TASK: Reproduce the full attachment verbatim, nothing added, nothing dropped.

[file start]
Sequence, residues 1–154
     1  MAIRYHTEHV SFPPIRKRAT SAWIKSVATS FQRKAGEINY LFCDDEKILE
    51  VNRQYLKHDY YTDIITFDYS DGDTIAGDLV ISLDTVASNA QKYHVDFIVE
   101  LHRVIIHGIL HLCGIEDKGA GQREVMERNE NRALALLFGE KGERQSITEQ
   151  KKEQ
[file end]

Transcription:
Sequence, residues 1–154
     1  MAIRYHTEHV SFPPIRKRAT SAWIKSVATS FQRKAGEINY LFCDDEKILE
    51  VNRQYLKHDY YTDIITFDYS DGDTIAGDLV ISLDTVASNA QKYHVDFIVE
   101  LHRVIIHGIL HLCGIEDKGA GQREVMERNE NRALALLFGE KGERQSITEQ
   151  KKEQ